2.- I’m not pretending to be a hero or a victim here. I’m just saying that criticizing the actions of the government of Israel carries a lot of heat in the U.S.. Let’s look at the most recent example: The president of Iraq criticizes the Israeli bombings in Lebanon and several members of Congress are demanding an apology or otherwise they will boycott his speech to Congress next week. Why this reaction?

  6. Anonymous

    “Why this reaction?”

    Because Americans like Isrealies, just as we like Japanese and South Koreans. And we dislike Islamists and Baathists, just as we dislike North Koreans.

  7. My dear Nathalie,

    I did not claim you or someone else specifically brought up “Muslim” factor here. But arguing that Israel did the right thing by killing hundreds of innocent people (taking this as a granted requirement of casus belli), indeed you (&others who share your views) serve eventually to this common mutual misperception. Even in countries where the influence of religion is not an issue (take Azerbaijan for instance…you know very well how tolerant Azeri people are on religious plurality) it caused serious concern with harsh statements which may potentially lead to religious strife. It also causes more misunderstanding in the Western societies as well (where I would say, a serious illiteracy exists about this region and culture), seeing most of Muslims harbouring directly or indirctly Hezbollah’s and other terrorists’ cause; thinking why would Israel otherwise bomb the whole country.

    Yes, Hezbollah is a terrorist group, proxy for Iran and Syria and a malicious, genocidal nasty organization accountable on the death of many innnocent people. However it would be too myopic to see things purely in context of retaliatory strikes with a simple argument ‘who started first’. Most of Muslim countries live under unfree systems (to put it very mildly) with many ethnic, social, economic problems, it will be a good excuse for those in power to leverage their illegitimate strength channelling current dissent into huge anger against Israel, US and others.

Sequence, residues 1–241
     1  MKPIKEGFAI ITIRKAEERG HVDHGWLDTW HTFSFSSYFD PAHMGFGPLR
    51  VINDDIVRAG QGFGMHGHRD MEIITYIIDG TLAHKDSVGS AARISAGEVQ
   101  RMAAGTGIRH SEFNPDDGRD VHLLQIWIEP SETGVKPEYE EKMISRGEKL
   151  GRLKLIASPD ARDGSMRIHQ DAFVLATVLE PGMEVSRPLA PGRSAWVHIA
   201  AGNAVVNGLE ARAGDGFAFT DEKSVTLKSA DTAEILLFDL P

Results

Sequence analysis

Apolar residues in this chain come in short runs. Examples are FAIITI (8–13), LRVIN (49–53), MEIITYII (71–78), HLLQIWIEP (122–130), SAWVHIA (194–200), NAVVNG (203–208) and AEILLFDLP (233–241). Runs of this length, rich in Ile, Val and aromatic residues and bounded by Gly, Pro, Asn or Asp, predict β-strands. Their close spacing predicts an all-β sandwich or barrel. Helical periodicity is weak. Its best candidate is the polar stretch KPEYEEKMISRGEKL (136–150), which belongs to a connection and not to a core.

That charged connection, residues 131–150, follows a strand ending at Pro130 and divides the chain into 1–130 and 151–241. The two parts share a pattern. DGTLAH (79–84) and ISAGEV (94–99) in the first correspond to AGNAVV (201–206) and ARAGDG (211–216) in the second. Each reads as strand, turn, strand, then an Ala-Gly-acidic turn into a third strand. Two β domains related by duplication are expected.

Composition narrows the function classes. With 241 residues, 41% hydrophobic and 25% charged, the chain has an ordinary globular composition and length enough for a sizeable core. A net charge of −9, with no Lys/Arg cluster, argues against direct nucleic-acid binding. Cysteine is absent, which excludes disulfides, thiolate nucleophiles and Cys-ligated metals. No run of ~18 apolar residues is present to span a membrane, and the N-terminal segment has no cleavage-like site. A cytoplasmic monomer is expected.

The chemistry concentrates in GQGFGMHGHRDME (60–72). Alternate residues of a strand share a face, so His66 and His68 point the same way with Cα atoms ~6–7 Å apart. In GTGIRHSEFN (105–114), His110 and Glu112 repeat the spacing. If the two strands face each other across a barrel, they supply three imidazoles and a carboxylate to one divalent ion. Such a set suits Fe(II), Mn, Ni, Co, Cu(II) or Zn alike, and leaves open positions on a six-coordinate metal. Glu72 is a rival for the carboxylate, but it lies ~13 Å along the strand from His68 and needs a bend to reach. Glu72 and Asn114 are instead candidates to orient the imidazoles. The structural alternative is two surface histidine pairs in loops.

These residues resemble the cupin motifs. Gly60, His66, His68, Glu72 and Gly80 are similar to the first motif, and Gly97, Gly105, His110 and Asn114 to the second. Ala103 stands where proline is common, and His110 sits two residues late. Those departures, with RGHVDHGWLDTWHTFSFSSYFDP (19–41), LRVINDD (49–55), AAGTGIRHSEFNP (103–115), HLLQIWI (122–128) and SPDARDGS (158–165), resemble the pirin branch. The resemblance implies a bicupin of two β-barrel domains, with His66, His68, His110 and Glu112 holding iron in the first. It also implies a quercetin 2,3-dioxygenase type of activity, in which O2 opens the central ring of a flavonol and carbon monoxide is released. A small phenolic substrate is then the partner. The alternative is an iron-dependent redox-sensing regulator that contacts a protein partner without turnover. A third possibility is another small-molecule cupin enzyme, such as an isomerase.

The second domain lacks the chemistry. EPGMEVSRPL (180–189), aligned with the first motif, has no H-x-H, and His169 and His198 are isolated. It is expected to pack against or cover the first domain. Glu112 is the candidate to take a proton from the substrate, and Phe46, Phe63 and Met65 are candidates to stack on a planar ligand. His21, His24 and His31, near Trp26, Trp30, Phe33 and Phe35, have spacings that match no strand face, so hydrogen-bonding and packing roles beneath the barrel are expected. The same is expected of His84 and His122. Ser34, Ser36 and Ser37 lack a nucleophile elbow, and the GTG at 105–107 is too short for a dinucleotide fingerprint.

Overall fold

Also, between Hizbollah and Syria there were some factions before (compelling Hezbollah to share its seats in parliament with another Shia rival,Amal), i guess, now Israel made these folks unite even further.

    Seeing all these, it is nothing more than self-defeating strategy for Israeli government aggravating situation with increasing death toll of innocent civilians.

    Finally, saying Israel will eventually bring freedom to Lebanon with its bombs, sounds like Bush bringing democracy to Iraq with his tanks and armies.

  8. Alan Gura


    Nobody is “arguing Israel did the right thing by
    killing hundreds of civilians.”

    You are suggesting that Israel did this deliberately,
    and that people are applaud such a decision.

    It is more correct to say that Israel did the right thing
    by defending its sovereignty and seeking to secure its borders,
    and civilian deaths are an unavoidable consequence of that

  9. ex-libertarian

    Suppose a criminal walks into the bank and starts executing random people. The police (or perhaps just an armed citizen) takes a shot to try to stop the criminal from mass murder…and accidentally hits an innocent bystander.

    What does the “libertarian” do? He accuses the rescuer of “murder” and ignores the crimes of the criminal. Sometimes the criminal is really a terrorist or tyranical dictator. Sometimes the rescuer is the military of a nation-state. But this is forgotten by “anti-statists” (and those who are speicifaclly anti-United States/Isreal).

    That is why most “libertarianism” is a dead-end for moral living and logical thinking.

  10. Tom G. Palmer

    “Ex” misses the point entirely. The question is not whether people are sometimes killed as an unintended byproduct of acts of justified self defense, but whether the acts of self-defense have gone too far to be justified. (The doctrine usually invoked in such cases is the doctrine of the double effect: http://en.wikipedia.org/wiki/Doctrine_of_double_effect ).

    The issue at hand could better be characterized as asking whether the police officer or the armed citizen is justified if he A) “takes a shot” in the hope of wounding or killing the shooter, or if B) he gets out an AK-47 and opens up on an entire crowd, in hope of wounding or killing the shooter. My claim is that the Israeli government has gone too far in attacking Lebanese who are not a party to the dispute.

    “Ex” doesn’t seem to admit that there are questions of degree involved. But that’s the very issue at hand. I presume that “Ex” would not justify the Israeli government undertaking its present actions if there were only one sniper shooting over the border. If I am correct in that, then “Ex” has to shift his or her argument to a different level, not merely of abstractly formulated principle, but of the application of principle.